Severance Pay

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DEFINITION of 'Severance Pay'

The compensation that an employer provides to an employee who has been laid off, whose job has been eliminated, who through mutual agreement has decided to leave the company, or who has parted ways with the company for other reasons. Typically, severance pay amounts to a week or two of pay for every year that the employee was with the company. Executives may receive a month's pay for each year of service and senior executives generally receive severance pay as outlined in the employment contract. In addition to pay, severance packages can include extended benefits, such as health insurance and outplacement assistance to help the employee secure a new position.

BREAKING DOWN 'Severance Pay'

Not all companies provide severance pay to employees upon termination and those that do may not provide severance pay to all employees. Severance pay is typically issued on a case-by-case basis and as dictated by any employment contracts in place during hiring. No law requires employers to provide severance pay; however, the Fair Labor Standards Act (FLSA) mandates that an employer must pay the employee whose employment has been terminated through their last day of work and any vacation time that the employee has accrued. If severance pay is received, any unemployment compensation to which the individual is entitled will be accordingly reduced.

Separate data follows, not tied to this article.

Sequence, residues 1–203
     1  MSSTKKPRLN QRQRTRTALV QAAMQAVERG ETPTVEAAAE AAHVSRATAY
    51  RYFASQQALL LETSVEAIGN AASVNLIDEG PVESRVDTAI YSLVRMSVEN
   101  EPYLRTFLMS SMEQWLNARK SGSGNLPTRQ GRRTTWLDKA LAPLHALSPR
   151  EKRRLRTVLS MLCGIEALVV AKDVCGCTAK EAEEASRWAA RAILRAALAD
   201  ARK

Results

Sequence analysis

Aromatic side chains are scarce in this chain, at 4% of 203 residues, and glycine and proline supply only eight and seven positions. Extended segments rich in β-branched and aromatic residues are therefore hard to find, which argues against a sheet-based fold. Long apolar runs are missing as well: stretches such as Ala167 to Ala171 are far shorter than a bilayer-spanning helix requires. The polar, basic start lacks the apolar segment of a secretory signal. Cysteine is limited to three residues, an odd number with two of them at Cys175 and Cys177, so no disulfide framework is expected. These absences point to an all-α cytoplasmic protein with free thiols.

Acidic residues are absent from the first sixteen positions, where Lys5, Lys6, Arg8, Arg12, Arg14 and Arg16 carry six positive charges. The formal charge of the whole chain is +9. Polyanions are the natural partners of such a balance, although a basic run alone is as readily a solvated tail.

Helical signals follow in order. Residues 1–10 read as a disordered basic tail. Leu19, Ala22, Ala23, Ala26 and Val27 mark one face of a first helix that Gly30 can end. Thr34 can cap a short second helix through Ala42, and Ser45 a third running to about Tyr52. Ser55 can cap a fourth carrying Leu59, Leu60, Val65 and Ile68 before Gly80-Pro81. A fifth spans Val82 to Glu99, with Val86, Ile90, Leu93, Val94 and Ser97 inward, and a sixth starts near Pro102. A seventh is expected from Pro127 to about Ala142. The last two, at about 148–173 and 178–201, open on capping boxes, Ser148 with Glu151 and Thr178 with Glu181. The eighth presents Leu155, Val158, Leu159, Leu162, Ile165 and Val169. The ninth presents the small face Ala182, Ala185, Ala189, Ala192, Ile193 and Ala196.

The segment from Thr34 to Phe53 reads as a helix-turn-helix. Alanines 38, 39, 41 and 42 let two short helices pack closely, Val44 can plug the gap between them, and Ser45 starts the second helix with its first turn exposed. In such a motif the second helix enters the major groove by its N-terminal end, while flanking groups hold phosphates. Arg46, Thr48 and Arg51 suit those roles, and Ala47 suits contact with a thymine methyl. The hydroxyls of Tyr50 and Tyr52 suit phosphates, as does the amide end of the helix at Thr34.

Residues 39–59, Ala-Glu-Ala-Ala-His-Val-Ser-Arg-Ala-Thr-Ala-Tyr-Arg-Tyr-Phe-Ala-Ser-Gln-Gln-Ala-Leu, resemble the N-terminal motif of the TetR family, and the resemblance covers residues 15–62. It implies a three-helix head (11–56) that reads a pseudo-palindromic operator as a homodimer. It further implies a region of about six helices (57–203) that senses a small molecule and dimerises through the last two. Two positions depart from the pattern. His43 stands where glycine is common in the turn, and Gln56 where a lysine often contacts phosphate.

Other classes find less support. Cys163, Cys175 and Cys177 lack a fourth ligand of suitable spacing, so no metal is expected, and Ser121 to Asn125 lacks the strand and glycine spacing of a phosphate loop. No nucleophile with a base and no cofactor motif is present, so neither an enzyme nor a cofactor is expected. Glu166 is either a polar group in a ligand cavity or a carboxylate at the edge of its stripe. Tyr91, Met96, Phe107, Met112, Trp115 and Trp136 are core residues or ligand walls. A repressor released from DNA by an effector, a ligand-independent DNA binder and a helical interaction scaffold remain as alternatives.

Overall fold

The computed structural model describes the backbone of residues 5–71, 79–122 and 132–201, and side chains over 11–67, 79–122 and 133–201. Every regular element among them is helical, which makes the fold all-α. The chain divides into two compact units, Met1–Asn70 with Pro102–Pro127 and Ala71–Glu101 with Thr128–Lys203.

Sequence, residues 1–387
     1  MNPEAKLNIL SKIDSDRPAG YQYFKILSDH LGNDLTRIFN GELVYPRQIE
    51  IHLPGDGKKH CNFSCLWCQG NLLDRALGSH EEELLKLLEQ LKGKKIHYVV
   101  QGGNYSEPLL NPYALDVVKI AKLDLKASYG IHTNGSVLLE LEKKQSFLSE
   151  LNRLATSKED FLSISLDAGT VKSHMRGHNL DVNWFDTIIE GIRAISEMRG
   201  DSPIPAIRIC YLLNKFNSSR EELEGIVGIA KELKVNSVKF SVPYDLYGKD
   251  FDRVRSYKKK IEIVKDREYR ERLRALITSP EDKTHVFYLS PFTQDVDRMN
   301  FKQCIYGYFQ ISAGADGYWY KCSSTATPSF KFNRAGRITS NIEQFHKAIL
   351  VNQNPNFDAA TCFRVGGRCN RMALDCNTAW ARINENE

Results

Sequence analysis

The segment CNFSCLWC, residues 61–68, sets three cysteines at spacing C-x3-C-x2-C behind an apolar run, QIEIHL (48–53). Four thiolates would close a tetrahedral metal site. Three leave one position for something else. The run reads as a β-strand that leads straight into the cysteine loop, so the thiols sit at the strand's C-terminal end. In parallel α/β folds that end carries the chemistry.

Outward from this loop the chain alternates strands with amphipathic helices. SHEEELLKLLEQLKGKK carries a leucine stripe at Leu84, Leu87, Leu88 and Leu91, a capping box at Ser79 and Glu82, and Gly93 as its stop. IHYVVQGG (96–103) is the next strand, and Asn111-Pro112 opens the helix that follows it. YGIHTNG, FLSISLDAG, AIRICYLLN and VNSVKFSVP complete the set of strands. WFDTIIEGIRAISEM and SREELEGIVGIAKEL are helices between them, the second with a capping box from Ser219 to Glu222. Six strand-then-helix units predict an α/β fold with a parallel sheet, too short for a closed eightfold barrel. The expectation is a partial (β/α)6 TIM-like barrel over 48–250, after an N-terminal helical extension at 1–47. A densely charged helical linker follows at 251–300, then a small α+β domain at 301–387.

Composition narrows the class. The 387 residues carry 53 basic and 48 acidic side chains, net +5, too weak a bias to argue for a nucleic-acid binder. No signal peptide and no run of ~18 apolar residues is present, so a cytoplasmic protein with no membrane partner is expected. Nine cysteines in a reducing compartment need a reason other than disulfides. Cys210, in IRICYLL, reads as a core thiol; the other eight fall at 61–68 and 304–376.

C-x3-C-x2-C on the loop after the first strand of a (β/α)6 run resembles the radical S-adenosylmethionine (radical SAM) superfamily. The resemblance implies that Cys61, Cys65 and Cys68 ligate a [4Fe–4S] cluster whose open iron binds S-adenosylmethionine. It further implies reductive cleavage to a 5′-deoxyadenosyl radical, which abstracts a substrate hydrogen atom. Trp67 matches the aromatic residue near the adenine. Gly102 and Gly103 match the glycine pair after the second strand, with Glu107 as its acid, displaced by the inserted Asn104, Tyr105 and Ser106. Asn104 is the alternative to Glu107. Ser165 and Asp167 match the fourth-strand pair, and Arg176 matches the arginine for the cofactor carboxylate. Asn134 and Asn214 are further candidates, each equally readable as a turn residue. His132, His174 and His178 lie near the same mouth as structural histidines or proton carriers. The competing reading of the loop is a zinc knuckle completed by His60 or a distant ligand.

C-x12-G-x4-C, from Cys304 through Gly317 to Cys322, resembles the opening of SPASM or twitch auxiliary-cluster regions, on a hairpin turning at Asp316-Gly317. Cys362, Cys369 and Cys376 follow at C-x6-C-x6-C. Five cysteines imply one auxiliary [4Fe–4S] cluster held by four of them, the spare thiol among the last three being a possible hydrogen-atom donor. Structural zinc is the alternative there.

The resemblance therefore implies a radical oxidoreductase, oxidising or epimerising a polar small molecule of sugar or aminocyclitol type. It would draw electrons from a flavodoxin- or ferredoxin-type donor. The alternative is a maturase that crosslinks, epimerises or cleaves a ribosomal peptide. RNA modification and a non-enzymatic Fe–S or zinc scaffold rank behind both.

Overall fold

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RELATED FAQS
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